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Charting the Market: November sales below a year ago
Question of the Day
November sales were 1 percent lower than last November in the Washington metro area. It was the first time all year that sales fell behind last year’s pace. Still, total sales for the first 11 months of 2012 were up 5 percent compared with last year.
Why was November a little slower than last year? I’m not sure there is a way to prove it, but I suspect two things — the general election and the fiscal cliff.
Real estate is a huge investment, especially around here. Uncertainty about the future definitely can dampen buyer enthusiasm: What will the election results mean for local employment and the national economy? What about that fiscal cliff? Will a deal be reached before the economic effects become worse?
Despite these questions, nearly 6,100 buyers signed contracts on area homes in November. Plus, sales actually increased a bit in Maryland, because counties including Anne Arundel, Baltimore and Charles are doing well this year.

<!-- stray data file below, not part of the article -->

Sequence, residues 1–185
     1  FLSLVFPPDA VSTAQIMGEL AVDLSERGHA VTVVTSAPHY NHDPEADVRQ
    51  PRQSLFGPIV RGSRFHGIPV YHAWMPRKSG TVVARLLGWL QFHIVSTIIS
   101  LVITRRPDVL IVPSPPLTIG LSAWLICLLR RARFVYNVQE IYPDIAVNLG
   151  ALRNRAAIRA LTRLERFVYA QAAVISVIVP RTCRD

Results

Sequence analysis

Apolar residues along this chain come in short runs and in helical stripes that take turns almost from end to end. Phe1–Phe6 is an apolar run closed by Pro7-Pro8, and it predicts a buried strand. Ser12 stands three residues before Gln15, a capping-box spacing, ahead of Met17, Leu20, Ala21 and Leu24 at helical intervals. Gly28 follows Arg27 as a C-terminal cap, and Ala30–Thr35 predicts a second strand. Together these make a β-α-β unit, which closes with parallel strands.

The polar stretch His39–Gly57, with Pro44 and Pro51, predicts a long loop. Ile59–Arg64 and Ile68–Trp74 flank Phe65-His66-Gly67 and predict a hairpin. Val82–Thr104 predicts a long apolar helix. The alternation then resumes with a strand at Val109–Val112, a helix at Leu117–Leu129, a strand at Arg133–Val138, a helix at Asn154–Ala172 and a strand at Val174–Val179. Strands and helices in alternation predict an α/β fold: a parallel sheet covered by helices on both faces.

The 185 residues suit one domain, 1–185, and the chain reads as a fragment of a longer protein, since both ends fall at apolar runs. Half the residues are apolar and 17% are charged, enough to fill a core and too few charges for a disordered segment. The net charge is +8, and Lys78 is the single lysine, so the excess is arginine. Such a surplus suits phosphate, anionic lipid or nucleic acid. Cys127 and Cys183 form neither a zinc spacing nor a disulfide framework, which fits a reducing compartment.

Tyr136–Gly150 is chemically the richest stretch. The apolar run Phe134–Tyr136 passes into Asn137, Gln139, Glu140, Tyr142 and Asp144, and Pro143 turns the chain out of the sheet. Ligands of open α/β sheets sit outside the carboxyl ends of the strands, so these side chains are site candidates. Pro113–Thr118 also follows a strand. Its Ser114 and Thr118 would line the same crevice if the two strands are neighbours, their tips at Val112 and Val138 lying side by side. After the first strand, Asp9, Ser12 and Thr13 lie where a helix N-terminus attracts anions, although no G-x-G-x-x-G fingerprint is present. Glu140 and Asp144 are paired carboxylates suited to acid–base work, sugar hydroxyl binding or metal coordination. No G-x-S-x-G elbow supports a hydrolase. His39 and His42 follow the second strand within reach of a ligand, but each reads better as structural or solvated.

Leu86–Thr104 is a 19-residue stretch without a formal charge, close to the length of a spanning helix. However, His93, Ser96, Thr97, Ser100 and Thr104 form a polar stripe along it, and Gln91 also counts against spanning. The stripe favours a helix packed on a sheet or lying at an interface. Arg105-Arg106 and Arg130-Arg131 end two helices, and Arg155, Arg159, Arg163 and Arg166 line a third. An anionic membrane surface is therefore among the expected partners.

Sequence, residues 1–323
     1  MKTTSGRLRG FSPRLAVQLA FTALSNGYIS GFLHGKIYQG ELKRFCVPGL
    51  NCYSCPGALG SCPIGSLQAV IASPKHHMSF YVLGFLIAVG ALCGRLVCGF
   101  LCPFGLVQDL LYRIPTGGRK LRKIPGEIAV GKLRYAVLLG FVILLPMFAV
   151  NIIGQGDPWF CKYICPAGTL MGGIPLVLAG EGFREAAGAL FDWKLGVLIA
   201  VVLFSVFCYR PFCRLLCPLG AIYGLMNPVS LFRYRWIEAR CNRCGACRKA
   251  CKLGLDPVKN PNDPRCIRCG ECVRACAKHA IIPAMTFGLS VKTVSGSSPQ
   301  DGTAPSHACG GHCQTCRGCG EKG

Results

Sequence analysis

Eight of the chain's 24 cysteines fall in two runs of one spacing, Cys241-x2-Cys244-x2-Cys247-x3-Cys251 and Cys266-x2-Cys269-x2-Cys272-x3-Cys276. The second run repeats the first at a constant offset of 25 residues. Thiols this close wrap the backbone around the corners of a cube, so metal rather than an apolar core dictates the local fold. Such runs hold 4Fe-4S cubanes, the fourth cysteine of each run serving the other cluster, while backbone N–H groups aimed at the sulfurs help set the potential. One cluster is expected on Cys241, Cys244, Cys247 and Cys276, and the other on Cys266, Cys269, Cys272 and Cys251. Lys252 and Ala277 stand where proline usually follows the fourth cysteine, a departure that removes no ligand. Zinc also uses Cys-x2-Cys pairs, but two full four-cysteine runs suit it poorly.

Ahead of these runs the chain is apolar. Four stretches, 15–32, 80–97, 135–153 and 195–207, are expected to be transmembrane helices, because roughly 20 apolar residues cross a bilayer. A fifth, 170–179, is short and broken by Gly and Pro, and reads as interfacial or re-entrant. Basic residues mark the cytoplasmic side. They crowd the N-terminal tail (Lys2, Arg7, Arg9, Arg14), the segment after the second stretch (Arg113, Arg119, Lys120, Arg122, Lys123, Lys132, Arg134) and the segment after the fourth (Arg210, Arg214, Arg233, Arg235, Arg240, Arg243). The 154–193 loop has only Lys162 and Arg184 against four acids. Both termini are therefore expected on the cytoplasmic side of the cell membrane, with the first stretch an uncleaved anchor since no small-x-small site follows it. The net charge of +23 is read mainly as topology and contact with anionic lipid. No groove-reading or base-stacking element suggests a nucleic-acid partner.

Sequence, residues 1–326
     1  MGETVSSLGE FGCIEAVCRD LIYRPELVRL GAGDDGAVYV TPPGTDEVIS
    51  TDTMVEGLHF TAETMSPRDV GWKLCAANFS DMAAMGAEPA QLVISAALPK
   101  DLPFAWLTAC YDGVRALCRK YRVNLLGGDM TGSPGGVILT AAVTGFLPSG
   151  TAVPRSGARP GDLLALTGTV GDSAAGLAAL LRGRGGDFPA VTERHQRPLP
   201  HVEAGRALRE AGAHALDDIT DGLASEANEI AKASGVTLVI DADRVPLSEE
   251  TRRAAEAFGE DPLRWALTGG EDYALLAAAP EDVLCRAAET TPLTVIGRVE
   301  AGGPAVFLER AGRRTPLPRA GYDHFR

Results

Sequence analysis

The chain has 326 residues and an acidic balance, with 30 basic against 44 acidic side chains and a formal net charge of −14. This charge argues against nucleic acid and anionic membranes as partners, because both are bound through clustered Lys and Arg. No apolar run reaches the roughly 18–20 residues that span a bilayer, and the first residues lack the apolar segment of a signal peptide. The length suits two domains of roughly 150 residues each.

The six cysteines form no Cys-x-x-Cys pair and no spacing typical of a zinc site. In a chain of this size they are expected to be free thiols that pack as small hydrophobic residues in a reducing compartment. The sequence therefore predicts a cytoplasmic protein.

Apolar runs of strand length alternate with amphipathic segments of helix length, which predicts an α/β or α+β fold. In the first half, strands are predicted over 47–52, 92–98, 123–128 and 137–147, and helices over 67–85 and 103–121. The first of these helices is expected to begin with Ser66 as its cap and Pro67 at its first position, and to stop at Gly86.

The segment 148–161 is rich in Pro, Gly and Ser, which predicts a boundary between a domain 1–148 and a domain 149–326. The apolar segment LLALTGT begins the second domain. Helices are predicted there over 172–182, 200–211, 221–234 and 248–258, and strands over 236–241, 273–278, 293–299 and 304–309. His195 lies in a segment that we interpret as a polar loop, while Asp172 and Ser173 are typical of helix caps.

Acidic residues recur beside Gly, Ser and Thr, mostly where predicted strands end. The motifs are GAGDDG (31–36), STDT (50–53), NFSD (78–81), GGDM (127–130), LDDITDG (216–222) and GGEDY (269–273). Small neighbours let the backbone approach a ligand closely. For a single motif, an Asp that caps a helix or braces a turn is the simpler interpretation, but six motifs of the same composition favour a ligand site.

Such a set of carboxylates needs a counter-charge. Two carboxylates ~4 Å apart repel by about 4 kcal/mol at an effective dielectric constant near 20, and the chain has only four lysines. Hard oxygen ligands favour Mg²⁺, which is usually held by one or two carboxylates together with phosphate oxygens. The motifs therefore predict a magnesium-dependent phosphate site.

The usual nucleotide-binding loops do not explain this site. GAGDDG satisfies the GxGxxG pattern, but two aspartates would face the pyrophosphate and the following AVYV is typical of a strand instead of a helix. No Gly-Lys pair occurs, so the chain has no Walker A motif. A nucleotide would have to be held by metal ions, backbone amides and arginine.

I’m fairly sure affordability has something to do with that. Sales began to recover earlier on the Virginia side of the metro area, which caused prices there to rebound when Maryland’s still were falling. As a result, price-conscious buyers now can find a lot of attractive homes in Maryland. More interested buyers mean more sales.
I imagine we will end this year about 5 percent ahead of last year’s sales, once December sales are added in. December is always the slowest month of the year, so the year’s total sales figure won’t be affected greatly by December sales.
In the coming weeks I will be writing more about the 2012 market as a whole. For now, I can say it is shaping up to be the best sales year for Maryland since 2006.
Virginia, on the other hand, had a great year in 2009 and hasn’t matched it since that time. Prices had something to do with it, once again. Virginia prices bottomed out in 2008, attracting lots of buyers. But because prices continued to slide in Maryland after 2008, some buyers have turned their attention in that direction.
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